No one could blame any government for being unprepared back in March 2020 as the virus struck. It was all hands to the pump, to try and work out what to do and how best to do it. What is unforgivable, however, is the lack of lessons learned, and therefore the failure to plan ahead. We are into the third lockdown and, looking at the lack of clear strategy for schools, it is as though the first two never happened. The government has learned nothing, never a good sign when it comes to education.
The disruption of the ‘mini lockdown’ in November was followed by clear commitments from government that schools would open in January. I was pleased that, at last, education was being given the priority it deserved. This was short-lived. Having been promised by Boris Johnson on Sunday January 3 that schools would open on Monday 4, they were closed again by Tuesday 5.
All this after leadership teams and teachers had spent much of the Christmas and New Year break preparing for routine testing of staff and pupils on top of preparing for a smooth return to face-to-face teaching.
To make matters worse, the amount of equipment and connectivity that had been put in place for home learning was woefully short both of what was originally promised in the summer, and what was required in order to provide anything approaching a realistic learning experience.
In January, the highly respected Sutton Trust produced research on the damage done to the most disadvantaged pupils in the most disadvantaged communities -reinforced two weeks ago by the Institute for Fiscal Studies with an estimate that pupils will have lost two-thirds of a year’s teaching if schools do not return to face-to-face operation before the end of the Easter break. The damage to social cohesion, and the impact on already rampant inequality, is enormous.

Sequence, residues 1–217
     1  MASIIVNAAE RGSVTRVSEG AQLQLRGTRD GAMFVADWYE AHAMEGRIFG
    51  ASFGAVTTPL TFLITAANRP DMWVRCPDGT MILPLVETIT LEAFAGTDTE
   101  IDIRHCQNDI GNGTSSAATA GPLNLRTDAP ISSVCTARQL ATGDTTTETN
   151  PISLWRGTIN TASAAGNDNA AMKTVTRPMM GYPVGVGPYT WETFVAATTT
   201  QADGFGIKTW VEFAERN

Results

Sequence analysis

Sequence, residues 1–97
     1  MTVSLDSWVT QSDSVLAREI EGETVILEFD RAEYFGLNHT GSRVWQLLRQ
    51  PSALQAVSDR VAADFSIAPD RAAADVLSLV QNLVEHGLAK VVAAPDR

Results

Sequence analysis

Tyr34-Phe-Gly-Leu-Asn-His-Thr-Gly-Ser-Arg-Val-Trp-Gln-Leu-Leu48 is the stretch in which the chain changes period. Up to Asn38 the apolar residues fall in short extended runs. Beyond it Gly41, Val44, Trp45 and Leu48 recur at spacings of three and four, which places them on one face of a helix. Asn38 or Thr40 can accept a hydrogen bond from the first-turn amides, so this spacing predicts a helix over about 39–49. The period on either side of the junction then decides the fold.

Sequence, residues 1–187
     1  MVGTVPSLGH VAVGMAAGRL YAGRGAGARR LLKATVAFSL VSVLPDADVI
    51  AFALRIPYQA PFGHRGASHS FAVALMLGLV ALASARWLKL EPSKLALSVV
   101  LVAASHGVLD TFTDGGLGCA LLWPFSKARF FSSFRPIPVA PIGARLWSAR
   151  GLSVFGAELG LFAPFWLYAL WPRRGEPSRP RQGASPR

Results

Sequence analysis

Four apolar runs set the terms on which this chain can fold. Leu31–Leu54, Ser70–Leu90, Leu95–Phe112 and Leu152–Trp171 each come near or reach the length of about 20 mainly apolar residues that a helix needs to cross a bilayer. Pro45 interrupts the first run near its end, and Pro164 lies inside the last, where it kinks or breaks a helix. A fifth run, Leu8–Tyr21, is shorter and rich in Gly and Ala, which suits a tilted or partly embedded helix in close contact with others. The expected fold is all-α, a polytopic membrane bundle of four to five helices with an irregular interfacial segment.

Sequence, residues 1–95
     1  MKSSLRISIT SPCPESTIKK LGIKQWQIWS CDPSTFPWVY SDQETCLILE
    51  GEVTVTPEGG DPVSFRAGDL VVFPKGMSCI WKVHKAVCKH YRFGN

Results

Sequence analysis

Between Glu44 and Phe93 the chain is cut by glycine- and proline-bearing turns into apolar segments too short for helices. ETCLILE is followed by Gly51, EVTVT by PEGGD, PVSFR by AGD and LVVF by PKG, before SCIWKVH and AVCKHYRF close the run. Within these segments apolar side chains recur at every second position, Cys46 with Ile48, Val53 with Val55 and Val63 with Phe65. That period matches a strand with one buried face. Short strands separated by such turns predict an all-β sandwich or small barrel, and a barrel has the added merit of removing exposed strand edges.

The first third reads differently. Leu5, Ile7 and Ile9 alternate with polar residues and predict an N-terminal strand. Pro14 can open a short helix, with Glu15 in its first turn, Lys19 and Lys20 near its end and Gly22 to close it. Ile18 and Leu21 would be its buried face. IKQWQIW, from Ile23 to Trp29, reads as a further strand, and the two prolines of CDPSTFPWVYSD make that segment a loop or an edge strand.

Pearson, the education resource company, has estimated that more than 100,000 young people aged 16-17, in addition to the existing cohorts, will be seeking to catch-up on English and Maths in order to access either A-levels or – the new shiny kid on the block – T-levels for vocational education.
In other words, those who have lost out already are likely to lose out again. This sad state of affairs is reinforced by the fact that the excellent initiative run by the National Tutoring Programme has been accessed by just three in 10 pupils, with schools expected to find 25% of the cost. This programme, specifically geared to catch-up will, without immediate action, end with a whole cohort, once again, being ‘left behind’. So much for “levelling up,” one of the many slogans that remain just that, a slogan.
More than 20% of better-off parents already provide tutors for their children, meaning the gap between the haves and have-nots might accelerate to a point where it will be impossible to close it in time to avoid real damage to the life chances of so many young people.
The challenge now is to work across the sector, with trade unions and professional bodies, to return to face-to-face teaching – recruiting, where possible, volunteers with relevant experience, expanding online tutoring and devolving additional resources to schools. Testing and, where appropriate, vaccination, will play a vital part in reassuring both staff and parents. The message is clearly understood by those familiar with, and who have benefited most from, education: getting children back into school, and placing absolute priority on learning, changes life chances.
We, as a community, owe it to those already struggling with the daunting prospect of overcoming generational disadvantage to give them the after-school help, weekend catch-up and summer schools; to turn fine words about catch-up and recovery into reality. Anything less will merely confirm that this is a government of and for those who already have, and a government which fails to understand the role of a good education for all in a country’s success.
David Blunkett was education secretary from 1997 to 2001; he also served as home secretary and work and pensions secretary